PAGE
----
• Value for Money: a term used in different ways, including as a synonym for cost-effectiveness, and as systematic approach to considering these issues throughout planning and implementation, not only in evaluation.

Other techniques for synthesis:

  • Multi-Criteria Analysis: a systematic process to address multiple criteria and perspectives
  • Numeric Weighting: developing numeric scales to rate performance against each evaluation criterion and then add them up for a total score.
  • Qualitative Weight and Sum: using qualitative ratings (such as symbols) to identify performance in terms of essential, important and unimportant criteria
  • Rubrics: using a descriptive scale for rating performance that incorporates performance across a number of criteria

There are also approaches which include options for synthesis in an overall "package" of methods:

  • Social Return on Investment: a systematic way of incorporating social, environmental, economic and other values into decision-making processes

Check out some of the newest resources we've added:

ACFID Discussion paper on Value for Money

Developed by the Australian Council for International Development, an umbrella group.
December 2012.

Synthesising evidence across multiple evaluations

Synthesis is also needed to combine data from across multiple evaluations.  Increasingly organisations are looking to learn from multiple evaluations that have been done.  These syntheses across evaluations can be a simple literature review or rapid evidence appraisal, or an exhaustive (and exhausting) systematic review using meta-analysis, realist synthesis, or meta-ethnography.

On the BetterEvaluation website, you can find information about different strategies for synthesis, including guides and examples.

There are different ways of doing systematic reviews:

  • Best evidence synthesis: a synthesis that, like a realist synthesis, draws on a wide range of evidence (including single case studies) and explores the impact of context, and also builds in an iterative, participatory approach to building and using a knowledge base.
  • Meta-analysis: a statistical method for combining numeric evidence from experimental (and sometimes quasi-experimental studies) to produce a weighted average effect size.
  • Meta-ethnography: a method for combining data from qualitative evaluation and research, especially ethnographic data, by translating concepts and metaphors across studies.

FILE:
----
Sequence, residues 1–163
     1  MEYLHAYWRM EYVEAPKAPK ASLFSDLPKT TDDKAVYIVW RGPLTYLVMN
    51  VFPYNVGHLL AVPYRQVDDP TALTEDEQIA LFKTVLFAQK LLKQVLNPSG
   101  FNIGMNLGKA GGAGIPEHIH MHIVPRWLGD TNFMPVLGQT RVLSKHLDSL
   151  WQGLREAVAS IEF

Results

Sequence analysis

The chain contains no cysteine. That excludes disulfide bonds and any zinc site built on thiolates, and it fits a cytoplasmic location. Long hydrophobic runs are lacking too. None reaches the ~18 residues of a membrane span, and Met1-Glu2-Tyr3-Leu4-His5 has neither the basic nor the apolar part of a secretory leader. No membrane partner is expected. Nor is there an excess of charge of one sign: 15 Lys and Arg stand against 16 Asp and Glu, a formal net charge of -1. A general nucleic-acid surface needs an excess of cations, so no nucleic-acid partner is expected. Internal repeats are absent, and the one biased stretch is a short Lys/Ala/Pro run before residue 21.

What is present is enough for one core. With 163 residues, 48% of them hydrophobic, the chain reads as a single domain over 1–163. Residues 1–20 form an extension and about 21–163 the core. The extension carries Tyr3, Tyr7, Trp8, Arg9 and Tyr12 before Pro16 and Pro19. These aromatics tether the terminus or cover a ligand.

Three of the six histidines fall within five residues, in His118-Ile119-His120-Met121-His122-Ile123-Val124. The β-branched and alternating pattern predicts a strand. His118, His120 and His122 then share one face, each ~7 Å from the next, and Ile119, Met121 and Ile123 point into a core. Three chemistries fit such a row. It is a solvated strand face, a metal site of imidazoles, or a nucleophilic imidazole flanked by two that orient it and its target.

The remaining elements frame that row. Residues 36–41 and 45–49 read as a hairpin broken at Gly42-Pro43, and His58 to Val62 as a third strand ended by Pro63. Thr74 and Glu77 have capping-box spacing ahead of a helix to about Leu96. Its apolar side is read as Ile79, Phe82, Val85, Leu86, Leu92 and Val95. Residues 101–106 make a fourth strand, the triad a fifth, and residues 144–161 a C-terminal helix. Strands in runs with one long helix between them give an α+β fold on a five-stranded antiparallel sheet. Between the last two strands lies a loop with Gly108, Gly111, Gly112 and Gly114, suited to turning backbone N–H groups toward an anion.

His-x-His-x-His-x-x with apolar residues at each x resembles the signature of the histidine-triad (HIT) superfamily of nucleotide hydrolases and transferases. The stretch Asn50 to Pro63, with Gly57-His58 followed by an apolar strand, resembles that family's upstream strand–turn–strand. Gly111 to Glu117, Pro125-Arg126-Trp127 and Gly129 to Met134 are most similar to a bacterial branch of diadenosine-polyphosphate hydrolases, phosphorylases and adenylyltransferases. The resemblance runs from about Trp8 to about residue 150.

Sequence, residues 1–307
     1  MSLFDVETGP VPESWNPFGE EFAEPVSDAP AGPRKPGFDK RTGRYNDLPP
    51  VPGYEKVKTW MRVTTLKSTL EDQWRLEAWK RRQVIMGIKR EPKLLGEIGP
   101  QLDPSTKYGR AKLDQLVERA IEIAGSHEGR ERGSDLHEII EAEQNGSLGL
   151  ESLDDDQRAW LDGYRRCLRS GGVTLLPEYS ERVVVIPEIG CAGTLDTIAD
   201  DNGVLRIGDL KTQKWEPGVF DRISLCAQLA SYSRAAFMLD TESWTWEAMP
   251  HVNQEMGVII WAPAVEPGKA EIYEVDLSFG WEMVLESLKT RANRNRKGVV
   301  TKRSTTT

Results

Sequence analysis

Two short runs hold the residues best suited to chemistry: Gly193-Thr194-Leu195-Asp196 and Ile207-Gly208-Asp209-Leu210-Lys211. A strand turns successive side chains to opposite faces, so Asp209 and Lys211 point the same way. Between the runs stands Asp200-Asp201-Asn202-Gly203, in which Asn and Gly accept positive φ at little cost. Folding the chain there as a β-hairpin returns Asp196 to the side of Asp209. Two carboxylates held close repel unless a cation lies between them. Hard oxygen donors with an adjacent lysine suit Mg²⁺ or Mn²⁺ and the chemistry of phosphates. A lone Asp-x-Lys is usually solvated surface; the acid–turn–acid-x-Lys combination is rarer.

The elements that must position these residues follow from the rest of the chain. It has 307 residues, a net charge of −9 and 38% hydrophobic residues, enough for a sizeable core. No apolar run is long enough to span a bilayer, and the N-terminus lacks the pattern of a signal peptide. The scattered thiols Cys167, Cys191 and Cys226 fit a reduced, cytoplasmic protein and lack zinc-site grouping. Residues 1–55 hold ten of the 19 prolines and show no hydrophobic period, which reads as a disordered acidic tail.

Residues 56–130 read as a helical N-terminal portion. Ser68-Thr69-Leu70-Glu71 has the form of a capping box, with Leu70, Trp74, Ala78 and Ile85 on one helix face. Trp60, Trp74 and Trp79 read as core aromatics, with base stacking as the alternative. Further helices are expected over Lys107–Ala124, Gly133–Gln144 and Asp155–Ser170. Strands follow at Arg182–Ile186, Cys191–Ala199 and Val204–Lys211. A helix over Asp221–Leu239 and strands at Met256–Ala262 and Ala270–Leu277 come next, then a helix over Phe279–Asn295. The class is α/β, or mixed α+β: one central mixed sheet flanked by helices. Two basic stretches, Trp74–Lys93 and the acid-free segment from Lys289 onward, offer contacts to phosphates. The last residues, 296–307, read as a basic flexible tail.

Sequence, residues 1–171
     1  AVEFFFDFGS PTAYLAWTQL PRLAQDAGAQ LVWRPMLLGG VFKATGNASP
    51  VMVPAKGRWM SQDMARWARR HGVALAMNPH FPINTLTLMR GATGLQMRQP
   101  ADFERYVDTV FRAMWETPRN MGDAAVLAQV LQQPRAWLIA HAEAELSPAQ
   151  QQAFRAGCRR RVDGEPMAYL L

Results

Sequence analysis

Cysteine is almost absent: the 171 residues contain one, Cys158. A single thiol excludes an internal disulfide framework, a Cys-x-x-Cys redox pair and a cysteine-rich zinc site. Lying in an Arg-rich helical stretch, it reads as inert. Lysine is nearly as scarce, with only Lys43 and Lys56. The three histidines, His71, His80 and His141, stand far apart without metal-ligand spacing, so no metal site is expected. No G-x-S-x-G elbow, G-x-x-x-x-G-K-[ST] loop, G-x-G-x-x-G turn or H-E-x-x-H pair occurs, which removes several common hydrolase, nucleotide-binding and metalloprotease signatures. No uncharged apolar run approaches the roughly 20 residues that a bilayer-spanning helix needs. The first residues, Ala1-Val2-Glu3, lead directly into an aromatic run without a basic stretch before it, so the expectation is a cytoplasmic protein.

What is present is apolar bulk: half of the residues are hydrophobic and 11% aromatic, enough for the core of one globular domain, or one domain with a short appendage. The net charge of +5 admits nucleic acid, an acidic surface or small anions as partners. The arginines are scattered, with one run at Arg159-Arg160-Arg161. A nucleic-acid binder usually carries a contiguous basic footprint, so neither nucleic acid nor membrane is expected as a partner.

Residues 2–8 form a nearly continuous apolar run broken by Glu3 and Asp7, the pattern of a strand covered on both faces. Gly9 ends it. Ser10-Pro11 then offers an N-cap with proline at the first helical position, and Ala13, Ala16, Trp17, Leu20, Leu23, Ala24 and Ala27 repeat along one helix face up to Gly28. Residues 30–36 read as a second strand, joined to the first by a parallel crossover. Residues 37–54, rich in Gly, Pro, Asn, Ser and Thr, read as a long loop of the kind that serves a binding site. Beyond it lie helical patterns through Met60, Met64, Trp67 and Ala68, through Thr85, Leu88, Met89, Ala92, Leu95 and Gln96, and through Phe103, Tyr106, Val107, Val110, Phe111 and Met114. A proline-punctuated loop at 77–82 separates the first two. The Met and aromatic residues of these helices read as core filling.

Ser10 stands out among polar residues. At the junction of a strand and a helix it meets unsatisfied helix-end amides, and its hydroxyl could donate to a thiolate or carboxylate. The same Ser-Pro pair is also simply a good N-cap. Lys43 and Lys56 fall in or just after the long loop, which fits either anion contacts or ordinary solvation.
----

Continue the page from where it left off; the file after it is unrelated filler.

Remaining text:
• Realist synthesis: synthesizing all relevant existing research in order to make evidence-based policy recommendations.

There is an overview page about systematic reviews:

  • Systematic review: a synthesis that takes a systematic approach to searching, assessing, extracting and synthesizing evidence from multiple studies.  Meta-analysis, meta-ethnography and realist synthesis are different types of systematic review.

And there are less rigorous and quicker ways of finding and summarising evidence from multiple studies:

  • Rapid evidence assessment: a process that is faster and less rigorous than a full systematic review but more rigorous than ad hoc searching, it uses a combination of key informant interviews and targeted literature searches to produce a report in a few days or a few weeks.
  • Vote counting: comparing the number of positive studies (studies showing benefit) with the number of negative studies (studies showing harm).

Image credit: Old two pan balance, via Flickr


This blog post is part of a series of eight posts covering the BetterEvaluation Framework and presenting the recordings of eight corresponding webinars hosted by the American Evaluation Association. The full series of posts is below.

1. Using the Rainbow Framework, Irene Guijt 5. Understanding causes, Jane Davidson
2. Defining what needs to be evaluated, Simon Hearn 6. Weighing the data for an overall evaluative judgment, Patricia Rogers
3. Framing the evaluation, Patricia Rogers 7. How can evaluation make a difference?, Simon Hearn
4. Choosing methods to describe activities, results and context, Irene Guijt 8. Manage an evaluation or evaluation system, Kerry Bruce

 

52 Weeks of BetterEvaluation. Click here to view past features

A special thanks to this page's contributors
Author
Director of BetterEvaluation/ Professor of Public Sector Evaluation, Australia and New Zealand School of Government.
Melbourne.